Quantcast
Environmental News for a Healthier Planet and Life

Robust Project Pipeline to Make U.S. Third-Largest Solar Market in the World

Business
Robust Project Pipeline to Make U.S. Third-Largest Solar Market in the World

Forty-three gigawatts (GW) of solar photovoltaic (PV) energy are waiting in the U.S. project pipeline, giving the country's industry a third-place global ranking, according to a market research firm.

NPD Solarbuzz's United States Deal Tracker report shows that the solar industry is being driven by a slew of projects that are 30 megawatts (MW) and smaller. The U.S. market is expected to trail only China and Japan next year.

“The increase in new solar PV projects being planned or under construction is driving double-digit annual growth forecasts for PV adoption within the United States,” said Michael Barker, a senior analyst at NPD Solarbuzz. “Large-scale PV projects exceeding 20 megawatts continue to dominate the pipeline, in terms of installed capacity, stimulated by state-based renewable portfolio mandates. Projects of all sizes have become increasingly viable, due to declines in solar PV system pricing in the past year.”

Graphic credit: NPD Solarbuzz

Those 43 GW are enough to power 6 million homes.

The amount of projects 30 MW or lower that are in the pre-planning, planning, installation or delayed stages grew by 33 percent in 2012. NPD believes that growth is being pushed by solar developers using smaller projects to meet the Business Energy Investment Tax Credit's (ITC) 2017 deadline.

“This deadline is causing a shift in focus to smaller projects that can be completed on shorter timescales,” said Christine Beadle, an analyst at NPD Solarbuzz.

Graphic credit: NPD Solarbuzz

Still, a few projects exceeding 100 MW are dominating short-term U.S. solar PV deployment, according to NPD. They include the Mount Signal Solar and Desert Sunlight projects. The 10 largest solar PV projects account for more than 5 GW of new capacity expected to go live in the next three years.

Visit EcoWatch’s RENEWABLES page for more related news on this topic.

A dugong, also called a sea cow, swims with golden pilot jacks near Marsa Alam, Egypt, Red Sea. Alexis Rosenfeld / Getty Images

In 2010, world leaders agreed to 20 targets to protect Earth's biodiversity over the next decade. By 2020, none of them had been met. Now, the question is whether the world can do any better once new targets are set during the meeting of the UN Convention on Biodiversity in Kunming, China later this year.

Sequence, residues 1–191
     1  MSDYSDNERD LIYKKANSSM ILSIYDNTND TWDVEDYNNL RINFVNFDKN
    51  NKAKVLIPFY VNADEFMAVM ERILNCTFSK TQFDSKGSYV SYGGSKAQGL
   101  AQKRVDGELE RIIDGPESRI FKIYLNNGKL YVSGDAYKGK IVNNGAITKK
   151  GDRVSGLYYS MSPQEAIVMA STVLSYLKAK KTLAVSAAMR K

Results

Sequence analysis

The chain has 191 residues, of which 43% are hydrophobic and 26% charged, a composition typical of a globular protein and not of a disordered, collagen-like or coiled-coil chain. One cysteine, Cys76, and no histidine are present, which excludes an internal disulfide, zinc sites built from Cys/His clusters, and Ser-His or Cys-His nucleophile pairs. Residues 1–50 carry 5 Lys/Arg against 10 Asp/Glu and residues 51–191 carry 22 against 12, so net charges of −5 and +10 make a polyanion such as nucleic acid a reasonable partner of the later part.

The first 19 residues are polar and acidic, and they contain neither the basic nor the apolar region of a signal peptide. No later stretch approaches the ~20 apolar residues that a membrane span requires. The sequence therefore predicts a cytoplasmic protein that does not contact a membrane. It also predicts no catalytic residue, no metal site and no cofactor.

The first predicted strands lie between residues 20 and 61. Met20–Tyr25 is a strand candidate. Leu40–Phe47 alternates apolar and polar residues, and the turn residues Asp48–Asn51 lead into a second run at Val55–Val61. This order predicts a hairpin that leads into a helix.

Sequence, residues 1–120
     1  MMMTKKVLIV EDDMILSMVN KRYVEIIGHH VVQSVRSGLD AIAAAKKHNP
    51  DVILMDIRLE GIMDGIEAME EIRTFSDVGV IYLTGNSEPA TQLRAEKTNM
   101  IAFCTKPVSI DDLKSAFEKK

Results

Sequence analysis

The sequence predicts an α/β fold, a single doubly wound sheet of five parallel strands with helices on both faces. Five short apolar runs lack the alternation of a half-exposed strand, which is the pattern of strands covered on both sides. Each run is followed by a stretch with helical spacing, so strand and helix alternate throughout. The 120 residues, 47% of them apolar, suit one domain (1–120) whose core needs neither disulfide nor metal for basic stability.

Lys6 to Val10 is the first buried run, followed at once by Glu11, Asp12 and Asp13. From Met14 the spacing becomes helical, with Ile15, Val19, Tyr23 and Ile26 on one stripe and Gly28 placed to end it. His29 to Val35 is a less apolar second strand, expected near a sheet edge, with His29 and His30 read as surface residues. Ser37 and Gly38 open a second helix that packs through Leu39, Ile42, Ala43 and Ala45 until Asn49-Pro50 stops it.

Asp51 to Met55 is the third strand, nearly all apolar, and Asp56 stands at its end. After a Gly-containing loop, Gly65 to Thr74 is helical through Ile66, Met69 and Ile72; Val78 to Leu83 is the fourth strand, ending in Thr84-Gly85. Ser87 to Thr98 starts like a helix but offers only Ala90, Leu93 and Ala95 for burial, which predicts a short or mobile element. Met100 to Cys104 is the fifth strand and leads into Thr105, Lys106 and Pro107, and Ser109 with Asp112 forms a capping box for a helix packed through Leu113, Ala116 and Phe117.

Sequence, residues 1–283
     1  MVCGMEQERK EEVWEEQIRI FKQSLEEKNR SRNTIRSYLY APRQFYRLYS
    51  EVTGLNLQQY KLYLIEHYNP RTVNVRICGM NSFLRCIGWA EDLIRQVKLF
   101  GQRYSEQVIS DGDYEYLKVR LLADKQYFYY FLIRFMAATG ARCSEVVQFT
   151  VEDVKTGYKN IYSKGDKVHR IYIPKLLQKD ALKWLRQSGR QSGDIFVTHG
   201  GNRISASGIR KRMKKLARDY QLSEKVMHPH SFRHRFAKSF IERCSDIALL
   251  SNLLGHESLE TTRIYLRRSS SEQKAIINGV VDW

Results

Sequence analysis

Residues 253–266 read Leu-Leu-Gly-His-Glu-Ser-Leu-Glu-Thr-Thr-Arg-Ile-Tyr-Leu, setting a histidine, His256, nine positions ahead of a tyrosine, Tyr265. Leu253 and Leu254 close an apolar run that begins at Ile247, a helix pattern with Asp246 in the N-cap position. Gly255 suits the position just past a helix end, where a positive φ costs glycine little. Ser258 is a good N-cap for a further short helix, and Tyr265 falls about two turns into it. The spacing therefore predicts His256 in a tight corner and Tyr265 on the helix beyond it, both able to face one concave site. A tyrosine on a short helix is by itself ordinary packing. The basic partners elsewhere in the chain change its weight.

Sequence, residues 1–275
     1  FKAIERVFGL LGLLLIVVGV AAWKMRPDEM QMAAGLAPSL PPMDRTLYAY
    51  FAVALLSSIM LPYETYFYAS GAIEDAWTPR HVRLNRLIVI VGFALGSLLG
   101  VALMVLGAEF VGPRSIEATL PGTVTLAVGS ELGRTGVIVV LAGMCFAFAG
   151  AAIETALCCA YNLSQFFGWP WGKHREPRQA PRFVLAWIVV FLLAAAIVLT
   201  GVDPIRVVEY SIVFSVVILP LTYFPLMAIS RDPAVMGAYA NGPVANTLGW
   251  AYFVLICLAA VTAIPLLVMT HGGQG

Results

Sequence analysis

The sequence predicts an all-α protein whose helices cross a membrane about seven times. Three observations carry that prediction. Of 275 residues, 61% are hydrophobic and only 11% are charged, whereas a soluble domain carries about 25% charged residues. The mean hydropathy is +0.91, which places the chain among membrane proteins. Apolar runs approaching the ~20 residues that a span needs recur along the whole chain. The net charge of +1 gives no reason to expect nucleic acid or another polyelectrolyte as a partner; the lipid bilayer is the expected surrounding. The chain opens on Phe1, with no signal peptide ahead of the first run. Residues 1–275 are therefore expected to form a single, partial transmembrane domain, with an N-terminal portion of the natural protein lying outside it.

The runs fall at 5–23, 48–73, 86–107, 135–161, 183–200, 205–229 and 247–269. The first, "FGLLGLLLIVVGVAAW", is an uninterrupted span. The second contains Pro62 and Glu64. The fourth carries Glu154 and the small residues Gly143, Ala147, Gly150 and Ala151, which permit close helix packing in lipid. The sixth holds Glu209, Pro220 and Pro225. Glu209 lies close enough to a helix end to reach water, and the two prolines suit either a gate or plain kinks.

Read More Show Less

EcoWatch Daily Newsletter

President Joe Biden signs executive orders in the State Dining Room at the White House on Jan. 22, 2021 in Washington, DC. Jabin Botsford / The Washington Post via Getty Images

By Andrew Rosenberg

The first 24 hours of the administration of President Joe Biden were filled not only with ceremony, but also with real action. Executive orders and other directives were quickly signed. More actions have followed. All consequential. Many provide a basis for not just undoing actions of the previous administration, but also making real advances in public policy to protect public health, safety, and the environment.

Read More Show Less

Trending

Melting ice forms a lake on free-floating ice jammed into the Ilulissat Icefjord during unseasonably warm weather on July 30, 2019 near Ilulissat, Greenland. Sean Gallup / Getty Images

A first-of-its-kind study has examined the satellite record to see how the climate crisis is impacting all of the planet's ice.

Read More Show Less
Probiotic rich foods. bit245 / iStock / Getty Images Plus

By Ana Maldonado-Contreras

Takeaways

  • Your gut is home to trillions of bacteria that are vital for keeping you healthy.
  • Some of these microbes help to regulate the immune system.
  • New research, which has not yet been peer-reviewed, shows the presence of certain bacteria in the gut may reveal which people are more vulnerable to a more severe case of COVID-19.

You may not know it, but you have an army of microbes living inside of you that are essential for fighting off threats, including the virus that causes COVID-19.

Read More Show Less
Michael Mann photo inset by Joshua Yospyn.

By Jeff Masters, Ph.D.

The New Climate War: the fight to take back our planet is the latest must-read book by leading climate change scientist and communicator Michael Mann of Penn State University.

Read More Show Less